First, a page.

Interestingly, Kubrick originally wrote the male lead with Harrison Ford in mind, but by the time the film was actually produced, Ford was too old to convincingly play the part, so Kubrick named Cruise's character "Dr Harford"...

I forgot to mention before, "Eyes Wide Shut" was an adaptation by Kubrick and co-writer Frederic Raphael of a 1926 novella called "Traumnovelle" by Austrian author and friend of Sigmund Freud Arthur Schnitzler. I believe it's crucial to understand this novel as the source of the film to appreciate what Kubrick was doing. "Eyes Wide Shut" is absolutely thick with visual ideas, allusions to history and literature, psychological allegories and philosophical questions that it's difficult to take all of it in. The wonderful thing is that it's possible to "get" all of this, in a sense, just through the amazing photography. An extraordinary amount of insight can be gained merely by noticing the presence (and absence) of Christmas trees...

Popville said...
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Penny said...

"An extraordinary amount of insight can be gained merely by noticing the presence (and absence) of Christmas trees..."

Funny you mention this. I was wondering where that model intended to out her cigarette. No ashtrays in sight.

William said...

Life and Look were still in business when I was growing up. This was before the invention of sex. As I remember it, Life would occasionally feature articles about art. These articles nearly always featured naked women as drawn by great artists of the past. The pictures were in full color and were much hotter than the art photography books of the day. Those made naked women look like sand dunes. Life had many informative articles about Goya and Rubens. ....My memory is fuzzy here, but I recall Look would throw a few cheesecake photos in with the photojournalism. Kubrick's lingerie model now looks like something out of Diane Arbus. But my guess is that back then the photo had some prurient interest. Bullet tits were all the rage and nobody minded a little roll of fat......What doesn't change: artists think that there is some lesson to be learned, some causal chain to be established, some moral to be illuminated by juxtaposing pictures of the wealthy and well fed against pictures of the poor and the needy.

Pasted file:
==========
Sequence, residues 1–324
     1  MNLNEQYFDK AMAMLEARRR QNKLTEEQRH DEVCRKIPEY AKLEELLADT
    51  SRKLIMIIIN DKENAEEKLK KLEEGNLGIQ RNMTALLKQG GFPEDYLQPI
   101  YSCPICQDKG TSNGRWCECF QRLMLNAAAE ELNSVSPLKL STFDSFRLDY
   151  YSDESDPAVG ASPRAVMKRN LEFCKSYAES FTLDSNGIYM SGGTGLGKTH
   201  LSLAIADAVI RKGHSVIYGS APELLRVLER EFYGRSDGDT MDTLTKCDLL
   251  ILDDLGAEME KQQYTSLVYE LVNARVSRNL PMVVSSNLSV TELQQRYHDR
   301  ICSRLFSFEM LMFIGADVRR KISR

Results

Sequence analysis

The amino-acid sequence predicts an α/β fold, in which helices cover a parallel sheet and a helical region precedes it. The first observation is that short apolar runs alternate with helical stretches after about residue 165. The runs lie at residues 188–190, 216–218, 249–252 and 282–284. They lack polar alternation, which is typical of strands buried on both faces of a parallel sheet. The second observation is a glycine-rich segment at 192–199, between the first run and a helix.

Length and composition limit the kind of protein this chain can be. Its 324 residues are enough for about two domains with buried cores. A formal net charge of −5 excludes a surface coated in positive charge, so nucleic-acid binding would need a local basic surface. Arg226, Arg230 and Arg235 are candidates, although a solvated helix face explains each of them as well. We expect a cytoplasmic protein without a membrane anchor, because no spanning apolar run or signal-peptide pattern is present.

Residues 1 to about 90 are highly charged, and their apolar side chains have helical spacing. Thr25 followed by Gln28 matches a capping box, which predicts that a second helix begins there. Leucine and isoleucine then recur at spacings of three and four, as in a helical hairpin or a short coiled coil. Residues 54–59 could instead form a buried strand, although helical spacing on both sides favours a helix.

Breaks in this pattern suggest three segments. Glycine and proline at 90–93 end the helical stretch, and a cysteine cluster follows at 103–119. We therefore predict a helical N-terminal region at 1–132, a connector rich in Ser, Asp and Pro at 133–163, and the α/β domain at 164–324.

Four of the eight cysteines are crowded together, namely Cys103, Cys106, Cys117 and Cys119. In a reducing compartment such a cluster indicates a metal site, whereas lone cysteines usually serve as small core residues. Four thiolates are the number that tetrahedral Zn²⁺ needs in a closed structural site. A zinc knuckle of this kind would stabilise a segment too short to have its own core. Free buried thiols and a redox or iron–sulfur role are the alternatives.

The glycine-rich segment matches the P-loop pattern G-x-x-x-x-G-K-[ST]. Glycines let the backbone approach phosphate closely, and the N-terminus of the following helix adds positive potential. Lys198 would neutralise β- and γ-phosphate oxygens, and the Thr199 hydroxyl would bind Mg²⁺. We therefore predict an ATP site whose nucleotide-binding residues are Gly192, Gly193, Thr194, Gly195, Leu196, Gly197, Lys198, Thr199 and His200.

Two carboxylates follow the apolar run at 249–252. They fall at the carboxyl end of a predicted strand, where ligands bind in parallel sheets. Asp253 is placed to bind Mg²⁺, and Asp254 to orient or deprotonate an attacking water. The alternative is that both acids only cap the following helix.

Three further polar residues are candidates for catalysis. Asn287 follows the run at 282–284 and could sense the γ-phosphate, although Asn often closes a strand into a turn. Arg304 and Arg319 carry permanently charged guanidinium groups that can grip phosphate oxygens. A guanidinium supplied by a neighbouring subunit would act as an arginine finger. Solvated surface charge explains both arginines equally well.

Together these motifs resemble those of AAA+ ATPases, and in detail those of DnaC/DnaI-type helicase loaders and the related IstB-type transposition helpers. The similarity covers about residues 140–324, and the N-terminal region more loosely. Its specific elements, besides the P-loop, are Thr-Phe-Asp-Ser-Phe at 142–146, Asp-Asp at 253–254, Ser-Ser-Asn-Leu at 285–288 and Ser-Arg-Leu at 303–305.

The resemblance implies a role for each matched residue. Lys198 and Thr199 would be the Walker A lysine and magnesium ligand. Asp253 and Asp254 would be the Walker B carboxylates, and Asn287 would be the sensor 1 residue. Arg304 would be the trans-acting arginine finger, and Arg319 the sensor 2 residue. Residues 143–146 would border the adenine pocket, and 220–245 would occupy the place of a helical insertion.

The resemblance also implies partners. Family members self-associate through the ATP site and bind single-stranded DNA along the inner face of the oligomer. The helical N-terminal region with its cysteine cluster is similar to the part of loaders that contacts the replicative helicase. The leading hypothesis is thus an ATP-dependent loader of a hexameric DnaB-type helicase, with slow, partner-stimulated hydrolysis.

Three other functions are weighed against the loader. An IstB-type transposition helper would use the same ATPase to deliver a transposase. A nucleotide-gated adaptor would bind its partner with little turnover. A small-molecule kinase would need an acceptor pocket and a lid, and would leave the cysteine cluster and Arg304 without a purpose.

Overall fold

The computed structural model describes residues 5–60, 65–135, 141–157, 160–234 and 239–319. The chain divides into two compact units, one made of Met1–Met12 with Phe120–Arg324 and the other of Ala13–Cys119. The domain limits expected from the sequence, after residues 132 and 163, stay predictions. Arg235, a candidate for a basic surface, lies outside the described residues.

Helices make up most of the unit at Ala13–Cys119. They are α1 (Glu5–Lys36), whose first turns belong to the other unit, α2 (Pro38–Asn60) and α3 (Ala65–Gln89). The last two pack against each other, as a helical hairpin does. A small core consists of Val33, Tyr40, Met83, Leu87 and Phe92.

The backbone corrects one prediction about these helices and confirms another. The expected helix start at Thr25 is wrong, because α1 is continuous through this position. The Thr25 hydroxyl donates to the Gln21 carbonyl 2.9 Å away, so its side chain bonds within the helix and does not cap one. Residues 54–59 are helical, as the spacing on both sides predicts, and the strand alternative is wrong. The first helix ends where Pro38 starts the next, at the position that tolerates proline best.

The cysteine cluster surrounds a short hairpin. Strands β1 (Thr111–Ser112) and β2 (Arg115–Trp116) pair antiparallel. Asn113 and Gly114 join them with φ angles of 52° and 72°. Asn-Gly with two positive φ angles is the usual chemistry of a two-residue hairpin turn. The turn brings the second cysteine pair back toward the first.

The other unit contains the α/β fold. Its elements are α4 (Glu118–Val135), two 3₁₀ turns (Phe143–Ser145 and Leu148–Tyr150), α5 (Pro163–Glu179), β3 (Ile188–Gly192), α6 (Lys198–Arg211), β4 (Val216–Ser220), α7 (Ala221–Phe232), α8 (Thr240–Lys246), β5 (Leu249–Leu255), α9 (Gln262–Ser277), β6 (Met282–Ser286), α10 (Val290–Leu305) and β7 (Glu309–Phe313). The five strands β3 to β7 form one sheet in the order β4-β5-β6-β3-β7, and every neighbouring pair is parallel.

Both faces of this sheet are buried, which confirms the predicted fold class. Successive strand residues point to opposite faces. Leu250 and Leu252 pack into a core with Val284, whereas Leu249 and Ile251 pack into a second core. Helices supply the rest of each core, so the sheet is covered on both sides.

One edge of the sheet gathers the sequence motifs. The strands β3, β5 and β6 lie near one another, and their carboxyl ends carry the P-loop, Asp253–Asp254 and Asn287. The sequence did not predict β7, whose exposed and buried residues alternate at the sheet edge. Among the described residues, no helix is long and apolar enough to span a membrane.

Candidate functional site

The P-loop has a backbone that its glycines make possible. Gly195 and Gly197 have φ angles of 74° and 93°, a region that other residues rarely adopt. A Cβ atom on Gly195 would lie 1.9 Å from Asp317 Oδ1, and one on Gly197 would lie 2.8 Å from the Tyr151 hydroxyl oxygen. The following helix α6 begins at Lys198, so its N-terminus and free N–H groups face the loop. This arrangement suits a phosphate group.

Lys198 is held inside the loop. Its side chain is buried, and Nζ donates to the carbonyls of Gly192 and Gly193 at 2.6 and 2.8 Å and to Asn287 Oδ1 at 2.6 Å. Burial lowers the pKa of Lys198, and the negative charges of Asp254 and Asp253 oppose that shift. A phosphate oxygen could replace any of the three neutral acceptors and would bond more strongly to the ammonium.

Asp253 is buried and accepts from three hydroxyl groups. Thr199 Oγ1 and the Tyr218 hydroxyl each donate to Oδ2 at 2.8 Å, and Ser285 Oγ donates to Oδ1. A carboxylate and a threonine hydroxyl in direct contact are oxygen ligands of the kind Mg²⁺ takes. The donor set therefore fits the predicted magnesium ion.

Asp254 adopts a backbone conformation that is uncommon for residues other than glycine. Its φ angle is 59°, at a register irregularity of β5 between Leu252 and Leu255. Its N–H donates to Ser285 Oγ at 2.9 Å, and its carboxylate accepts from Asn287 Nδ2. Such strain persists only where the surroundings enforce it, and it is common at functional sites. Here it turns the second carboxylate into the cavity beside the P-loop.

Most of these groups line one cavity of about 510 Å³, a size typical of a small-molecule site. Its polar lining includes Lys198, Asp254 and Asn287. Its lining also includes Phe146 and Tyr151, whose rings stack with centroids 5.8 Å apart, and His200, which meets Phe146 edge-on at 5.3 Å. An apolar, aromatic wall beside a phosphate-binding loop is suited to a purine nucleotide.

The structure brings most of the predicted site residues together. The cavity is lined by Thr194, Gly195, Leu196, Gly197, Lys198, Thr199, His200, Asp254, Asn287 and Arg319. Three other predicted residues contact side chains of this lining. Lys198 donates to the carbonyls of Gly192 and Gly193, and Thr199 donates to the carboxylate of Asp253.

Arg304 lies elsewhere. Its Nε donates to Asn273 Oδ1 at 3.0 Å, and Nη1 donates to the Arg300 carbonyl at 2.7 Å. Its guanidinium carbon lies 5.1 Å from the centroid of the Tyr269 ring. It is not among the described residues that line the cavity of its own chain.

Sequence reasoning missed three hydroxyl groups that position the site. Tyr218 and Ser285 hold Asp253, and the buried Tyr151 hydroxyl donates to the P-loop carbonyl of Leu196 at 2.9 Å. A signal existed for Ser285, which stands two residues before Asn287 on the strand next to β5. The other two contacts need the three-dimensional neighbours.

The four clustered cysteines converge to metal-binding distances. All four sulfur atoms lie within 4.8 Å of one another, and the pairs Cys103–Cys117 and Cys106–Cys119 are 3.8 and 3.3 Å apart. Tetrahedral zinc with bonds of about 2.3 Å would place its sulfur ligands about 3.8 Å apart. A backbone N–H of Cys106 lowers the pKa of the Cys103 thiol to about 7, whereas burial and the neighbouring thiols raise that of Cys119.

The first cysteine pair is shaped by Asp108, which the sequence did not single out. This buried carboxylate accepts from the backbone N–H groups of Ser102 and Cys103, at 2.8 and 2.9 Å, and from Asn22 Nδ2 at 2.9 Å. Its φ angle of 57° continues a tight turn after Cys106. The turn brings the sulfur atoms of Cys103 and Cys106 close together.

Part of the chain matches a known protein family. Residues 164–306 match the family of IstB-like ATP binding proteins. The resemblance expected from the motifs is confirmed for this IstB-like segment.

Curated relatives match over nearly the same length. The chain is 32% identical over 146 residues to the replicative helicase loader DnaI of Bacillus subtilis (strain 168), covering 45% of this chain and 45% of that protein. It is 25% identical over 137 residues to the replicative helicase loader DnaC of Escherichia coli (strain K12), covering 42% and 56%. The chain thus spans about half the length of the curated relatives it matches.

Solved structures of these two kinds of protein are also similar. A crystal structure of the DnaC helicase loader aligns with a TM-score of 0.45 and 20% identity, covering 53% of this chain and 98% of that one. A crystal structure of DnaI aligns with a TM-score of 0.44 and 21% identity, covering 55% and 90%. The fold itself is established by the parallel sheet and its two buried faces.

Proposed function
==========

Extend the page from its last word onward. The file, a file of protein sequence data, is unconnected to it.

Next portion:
AST said...

Reminds me of a joke my dad used to tell, "Wouldn't you like to see HER in a tight sweater?"

reader_iam said...

Palladian:

!!!!!!!

AST said...

I used to wonder why they were called "foundation garments." That picture clears that up.

Almost Ali said...

The kids, their bowls empty. Life can be starkly hard on the little ones, and it often is.

Methadras said...

deborah said...

Eyes Wide Shut was widely dogged. Did anyone here like it?


I didn't like it. It was banal and gratiutious. Why anyone thinks Tom Cruise is a good actor is beyond me. I think Kubric really wanted Nicole Kidman, but Cruise came with the package.

John said...

Actually the secretary in the cat eye glasses with the exasperated look is the much more compelling figure in the photograph. You definitely get the sense that the model is not the kind of girl that is accepted in polite society and the secretary is letting her know it. When I first say the picture I thought it was some kind of police booking photo with the matron taking down the woman in her underwear's information after searching her.

MrBuddwing said...

Palladian wrote: The problem many people had with "Eyes Wide Shut" is that the retarded media pushed it as a racy sex movie when in fact it's quite the opposite.

Stephen Hunter of The Washington Post came up with what I thought was a very funny take on EYES WIDE SHUT - he called it "the dirtiest movie of 1958."

But I like your insight, too.

WV: bagoe.

deborah said...

Thanks, again, Palladian...lots of great stuff there.

Thanks, Meth.

David R. Graham said...

Stanley was perverted, bent. Didn't Kidman say as much in reference to his re-shooting a particular scene over and over just so he could watch her? My memory is vague but I seem to recall something from her along those lines.

Certainly I worship at the altar of Dr. Strangelove, but after that, already dark, he went perverse, making up things and giving pornography its head.

deborah said...

I hadn't heard the Kidman story, but I read something about Shelly Duval being made to shoot a particular scene over and over until she got it. I think she said he was very tough, but demanded her best.

Also, I once read a very short piece, written in the first person, about lunching with Kubrick, who made a big deal about not wanting Dr. Harford to be perceived/assumed Jewish, and then went on to say something to the effect that people were out to get the Jews.